"The groundwork of all happiness is health." - Leigh Hunt

Treatment of enlarged prostate

Most men stop growing by age 18, but after 40, they often start growing elsewhere — especially of their prostate gland. Benign prostatic hyperplasia (BPH), also often called an enlarged prostate, affects about 50 percent of men ages 51 to 60 and 90 percent of men over 80.

As the prostate grows, it presses on the urethra, the tube that carries urine out of the body (see picture). For about half of men with BPH, it causes urinary problems. Common problems include hesitancy, obstruction, or a weak urine stream. dribbling after urination; A sense that the bladder just isn't completely empty; and more frequent urination. Some men also develop urinary tract infections or urinary incontinence, the involuntary lack of urine.

First line options

Three varieties of drugs are approved to treat BPH: alpha-blockers, corresponding to alfozosin (Uroxetine) and tamsulosin (Flomax); 5-alpha-reductase inhibitors dutasteride (Avodart) and finasteride (Proscar); and the PDE5 inhibitor tadalafil (Cialis), which is popular as an erectile dysfunction (ED) drug.

These medications work in other ways to alleviate symptoms. Your doctor may prescribe a number of, because they work well together. For example, alpha-blockers chill out certain muscles within the prostate and bladder to enhance urination, and 5-alpha-reductase inhibitors shrink the prostate, so it presses against the urethra and lower bladder. doesn't put Tadalafil helps chill out the bladder neck (which connects the bladder to the urethra), reducing the flow of urine.

Help needed

But lifestyle changes can only accomplish that much, and sometimes medications don't work. “You often know if the medication is helping after a few months,” says Dr. Catherines. If problems persist, the subsequent step is a surgery. Here are two commonly beneficial ones.

Transurethral resection of the prostate (TURP). TURP involves inserting a skinny tube through the urethra and into the prostate. At the tip of the tube is a loop of electrical wire, which pulls away the prostate tissue to remove the urinary obstruction. Pieces of tissue are removed with a tube. “TURP is effective in about 85% to 90% of men,” says Dr. Catherines.

Still, TURP can have sexual unintended effects, corresponding to ED or retrograde ejaculation (during which semen travels backwards into the bladder as a substitute of coming out). Other less common problems are infections and urinary incontinence.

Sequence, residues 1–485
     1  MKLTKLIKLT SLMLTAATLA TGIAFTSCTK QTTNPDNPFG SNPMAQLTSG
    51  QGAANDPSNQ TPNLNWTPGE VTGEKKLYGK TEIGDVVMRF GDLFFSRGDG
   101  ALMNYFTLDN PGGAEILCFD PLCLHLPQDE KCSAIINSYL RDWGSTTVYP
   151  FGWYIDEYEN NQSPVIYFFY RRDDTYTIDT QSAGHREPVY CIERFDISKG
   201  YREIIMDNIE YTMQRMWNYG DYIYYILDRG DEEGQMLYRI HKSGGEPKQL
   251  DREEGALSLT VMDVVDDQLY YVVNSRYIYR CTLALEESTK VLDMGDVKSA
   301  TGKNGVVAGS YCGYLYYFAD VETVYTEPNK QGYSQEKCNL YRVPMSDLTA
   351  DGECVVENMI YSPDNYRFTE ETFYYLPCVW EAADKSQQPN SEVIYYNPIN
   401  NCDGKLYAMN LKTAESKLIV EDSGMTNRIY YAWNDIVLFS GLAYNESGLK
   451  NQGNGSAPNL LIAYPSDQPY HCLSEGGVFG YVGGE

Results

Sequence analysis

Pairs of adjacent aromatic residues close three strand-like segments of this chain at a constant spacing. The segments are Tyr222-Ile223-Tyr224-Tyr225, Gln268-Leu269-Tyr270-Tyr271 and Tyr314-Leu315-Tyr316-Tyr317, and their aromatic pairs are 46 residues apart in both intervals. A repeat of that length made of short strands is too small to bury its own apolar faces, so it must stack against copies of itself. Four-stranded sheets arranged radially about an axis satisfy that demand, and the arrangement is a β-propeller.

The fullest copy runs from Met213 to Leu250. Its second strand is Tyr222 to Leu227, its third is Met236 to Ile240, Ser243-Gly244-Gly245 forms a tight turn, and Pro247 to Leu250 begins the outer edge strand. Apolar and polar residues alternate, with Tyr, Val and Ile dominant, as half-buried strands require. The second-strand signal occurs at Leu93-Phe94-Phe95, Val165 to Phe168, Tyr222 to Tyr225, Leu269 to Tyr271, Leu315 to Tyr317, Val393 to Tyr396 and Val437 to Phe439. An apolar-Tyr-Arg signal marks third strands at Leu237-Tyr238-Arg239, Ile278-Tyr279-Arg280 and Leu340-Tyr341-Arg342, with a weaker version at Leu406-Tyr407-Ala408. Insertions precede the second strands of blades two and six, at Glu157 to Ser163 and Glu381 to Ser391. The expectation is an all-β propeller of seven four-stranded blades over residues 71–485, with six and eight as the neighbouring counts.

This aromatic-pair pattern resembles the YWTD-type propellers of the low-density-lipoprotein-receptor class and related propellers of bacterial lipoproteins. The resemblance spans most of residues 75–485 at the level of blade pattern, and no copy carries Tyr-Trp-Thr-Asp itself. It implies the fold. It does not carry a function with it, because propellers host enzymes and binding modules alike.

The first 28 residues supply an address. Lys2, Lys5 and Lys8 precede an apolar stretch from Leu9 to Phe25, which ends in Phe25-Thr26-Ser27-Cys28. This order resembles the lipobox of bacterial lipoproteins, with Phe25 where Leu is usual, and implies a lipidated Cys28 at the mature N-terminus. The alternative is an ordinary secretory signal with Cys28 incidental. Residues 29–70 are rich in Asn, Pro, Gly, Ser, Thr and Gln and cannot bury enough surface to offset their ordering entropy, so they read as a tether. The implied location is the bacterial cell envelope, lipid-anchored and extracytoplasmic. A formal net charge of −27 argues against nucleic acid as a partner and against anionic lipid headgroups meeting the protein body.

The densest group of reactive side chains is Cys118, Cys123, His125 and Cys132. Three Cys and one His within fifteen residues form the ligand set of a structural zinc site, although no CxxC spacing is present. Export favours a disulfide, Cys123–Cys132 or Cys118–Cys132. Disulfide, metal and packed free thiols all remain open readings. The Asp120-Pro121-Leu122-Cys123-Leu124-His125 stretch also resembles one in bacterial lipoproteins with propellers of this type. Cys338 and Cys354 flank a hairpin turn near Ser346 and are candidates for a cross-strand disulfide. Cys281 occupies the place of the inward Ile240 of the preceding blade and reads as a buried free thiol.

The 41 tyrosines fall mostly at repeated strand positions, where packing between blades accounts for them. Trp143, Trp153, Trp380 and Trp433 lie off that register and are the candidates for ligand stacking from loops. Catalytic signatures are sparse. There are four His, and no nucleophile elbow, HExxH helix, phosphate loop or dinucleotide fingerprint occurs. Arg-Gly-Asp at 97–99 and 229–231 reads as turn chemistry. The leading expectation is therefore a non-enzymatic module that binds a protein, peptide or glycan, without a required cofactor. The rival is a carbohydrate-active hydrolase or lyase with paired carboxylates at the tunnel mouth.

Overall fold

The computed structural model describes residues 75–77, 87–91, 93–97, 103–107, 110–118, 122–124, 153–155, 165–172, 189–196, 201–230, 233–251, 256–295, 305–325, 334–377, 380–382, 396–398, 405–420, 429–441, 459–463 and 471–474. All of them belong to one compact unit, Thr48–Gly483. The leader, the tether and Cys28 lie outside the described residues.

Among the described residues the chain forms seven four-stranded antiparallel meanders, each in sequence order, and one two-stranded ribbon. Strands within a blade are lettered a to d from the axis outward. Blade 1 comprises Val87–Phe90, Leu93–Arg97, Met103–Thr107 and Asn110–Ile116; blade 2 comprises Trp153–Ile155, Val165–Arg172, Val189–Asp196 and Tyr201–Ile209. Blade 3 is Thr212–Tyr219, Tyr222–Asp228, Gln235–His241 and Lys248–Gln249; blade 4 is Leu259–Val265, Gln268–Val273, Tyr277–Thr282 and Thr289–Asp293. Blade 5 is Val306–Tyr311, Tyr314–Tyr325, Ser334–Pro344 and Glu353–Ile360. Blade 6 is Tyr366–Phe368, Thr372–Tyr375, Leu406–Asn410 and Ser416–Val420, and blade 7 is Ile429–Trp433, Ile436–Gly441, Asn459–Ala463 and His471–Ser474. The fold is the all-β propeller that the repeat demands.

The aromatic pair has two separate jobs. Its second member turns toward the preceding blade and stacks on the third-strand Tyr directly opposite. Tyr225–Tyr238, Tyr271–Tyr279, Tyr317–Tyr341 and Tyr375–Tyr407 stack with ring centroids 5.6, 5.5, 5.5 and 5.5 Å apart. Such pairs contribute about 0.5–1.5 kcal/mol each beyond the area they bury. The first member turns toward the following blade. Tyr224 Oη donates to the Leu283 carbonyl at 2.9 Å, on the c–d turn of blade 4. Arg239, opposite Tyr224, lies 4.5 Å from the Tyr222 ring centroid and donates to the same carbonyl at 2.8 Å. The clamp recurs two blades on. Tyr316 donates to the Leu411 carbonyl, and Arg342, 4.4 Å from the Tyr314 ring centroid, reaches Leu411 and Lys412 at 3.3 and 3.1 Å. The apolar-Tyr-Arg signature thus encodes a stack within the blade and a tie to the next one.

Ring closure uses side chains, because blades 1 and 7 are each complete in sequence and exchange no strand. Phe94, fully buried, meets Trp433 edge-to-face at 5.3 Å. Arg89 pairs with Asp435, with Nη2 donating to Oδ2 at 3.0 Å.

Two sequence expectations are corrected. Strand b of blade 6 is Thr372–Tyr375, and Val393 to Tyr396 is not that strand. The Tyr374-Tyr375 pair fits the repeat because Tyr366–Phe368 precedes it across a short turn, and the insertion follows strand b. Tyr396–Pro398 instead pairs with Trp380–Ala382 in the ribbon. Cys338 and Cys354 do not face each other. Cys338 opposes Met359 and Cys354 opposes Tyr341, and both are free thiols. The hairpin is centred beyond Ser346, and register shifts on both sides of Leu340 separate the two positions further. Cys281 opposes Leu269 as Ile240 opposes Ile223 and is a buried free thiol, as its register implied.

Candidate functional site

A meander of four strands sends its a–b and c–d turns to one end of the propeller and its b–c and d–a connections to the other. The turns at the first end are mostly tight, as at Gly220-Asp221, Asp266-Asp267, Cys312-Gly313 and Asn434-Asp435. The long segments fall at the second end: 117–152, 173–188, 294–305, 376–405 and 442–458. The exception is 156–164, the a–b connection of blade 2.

Photoselective vaporization of the prostate (PVP). With PVP, the surgeon guides a skinny optic fiber through the urethra to the prostate. The fiber laser fires energy that breaks up the surplus prostate tissue, and the remnants leave the body within the urine.

The success rate of PVP is comparable to that of TURP. One advantage of PVP is a reduced risk of bleeding, which is good for men on blood thinners. The downside is that since the tissues are destroyed, they can not be examined for cancer. Also, the laser can have difficulty reaching some tissue if the prostate has moved too far into the bladder, during which case TURP is a greater option. “PVP is still a relatively new procedure, so it's not yet clear if prostate tissue will grow back after 10 years,” says Dr. Catherines.

If you could have an enlarged prostate gland or are considering more definitive treatment, your doctor may recommend a prostatectomy, during which the inside the gland is removed. There are several ways to perform this surgery, some less invasive than others.

Minimal movements

Minimally invasive options can be found for BPH, unless your prostate gland could be very large (weighing lower than 80 grams). Two popular decisions are the prostatic urethral lift and water vapor thermal therapy (known by the brand name Rezum).

In a prostatic urethral lift procedure, a tool called a urolift is inserted into the prostate through the urethra. It pushes the obstructing tissue aside and provides small implants that lift and hold the tissue in place in order that urine can flow more easily. The procedure requires no tissue removal, so recovery is minimal, and there aren't any sexual unintended effects. However, effectiveness decreases over time.

With Rezum, a skinny tube is passed through the urethra to the prostate, where it delivers short bursts of steam that kill prostate cells. This causes the enlarged tissues to regularly shrink. Rezum doesn't cause sexual unintended effects. Because Rezum is recent, it's unknown if one other procedure might be needed in the longer term.

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